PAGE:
The following article used with
permission of the author.
Mobbing: Sophisticated Bullying
in the Workplace – Pt. 1
all about power, control and abuse
Valerie Atkinson Brown
While at first it may seem like
an activity for rioters or looters, mobbing has become
associated with abusive workplace conduct –
and a very specific type of conduct. The consequences
of this type of abuse, in fact, are so deadly that
many victims die of a heart attack or commit suicide
as a result. When hearing the details of a few stories
– from victims who survive – you will
begin to understand the problem.
While this first article in the
series primes you with the categories of mobbing,
subsequent articles in this series will present specifics
about mobbing occurrences and will cite cases of mobbing
in European nations and in the United States. In the
end, it will become clear – it is a problem
that is happening all over the world.
Mobbing from Personal Experience
In 1989, I began to work in an
office where abuse was so rife, I could not believe
it was taking place. The most bazaar part of the story
was that it was in a legal environment where one might
think that adherence to every labor law would come
first. But this was not the case. Not at all.
Once I endured five years of this
environment, I left - hoping to see that our justice
system was in place for victims. It was not. Not only
that, I found that the “system” re-victimizes
the victim, then finally leaves a scar on the victim
as a bad person, a person to avoid and a person to
ridicule or to scorn. In this sense, the mobbing,
for some victims seems endless. For this reason, some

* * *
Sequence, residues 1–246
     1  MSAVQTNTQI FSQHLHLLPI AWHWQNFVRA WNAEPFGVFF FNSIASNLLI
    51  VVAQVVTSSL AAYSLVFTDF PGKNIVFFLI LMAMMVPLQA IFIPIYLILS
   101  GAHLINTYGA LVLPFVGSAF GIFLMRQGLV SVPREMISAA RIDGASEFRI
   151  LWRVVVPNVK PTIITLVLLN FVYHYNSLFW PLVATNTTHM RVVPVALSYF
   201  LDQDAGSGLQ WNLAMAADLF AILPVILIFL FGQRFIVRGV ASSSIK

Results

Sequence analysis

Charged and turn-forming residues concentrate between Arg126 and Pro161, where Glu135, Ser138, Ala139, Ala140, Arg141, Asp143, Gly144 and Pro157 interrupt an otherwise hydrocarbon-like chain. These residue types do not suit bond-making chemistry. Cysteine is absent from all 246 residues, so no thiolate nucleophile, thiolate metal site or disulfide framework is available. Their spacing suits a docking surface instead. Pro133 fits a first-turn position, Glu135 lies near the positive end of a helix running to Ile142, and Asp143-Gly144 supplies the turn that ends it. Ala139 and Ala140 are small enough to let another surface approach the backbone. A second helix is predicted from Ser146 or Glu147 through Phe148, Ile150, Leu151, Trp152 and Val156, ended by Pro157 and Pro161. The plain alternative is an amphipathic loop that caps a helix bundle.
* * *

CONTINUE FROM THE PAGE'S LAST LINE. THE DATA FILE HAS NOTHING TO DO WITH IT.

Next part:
victims see ending their lives as the final solution.
Thus to begin to understand the
problem, mediators must be aware of everything that
happens to a victim that took them from Point A –
a satisfied, productive working professional to Point
Z – a dysfunctional, depressed, confused and
angry person who cannot solve the problem without
professional help. At the point the target reaches
the mediator, outsiders will simply point to the target
as angry, bitter, disgruntled employee, or as a whiner.
If the victim has endured each phase of mobbing, then
finally expulsion from the workplace, the person’s
outer image and self image has become so skewed that
often times a profound personality change has taken
Like all victims (in mobbing terminology
– targets), one finds that there is total disbelief
that abuse is taking place, even by agencies such
as the EEOC, Public Citizen, ACLU, or even the United
States Attorney General or the United States Justice
Department Civil Rights Division. The same amount
of denial happens when the target is in the abusive
workplace. But, in that case, sometimes it is the
target’s own denial taking place: most targets
use the same language when speaking to therapists
or clergy – “I cannot believe this is
happening to me. I cannot believe this – I do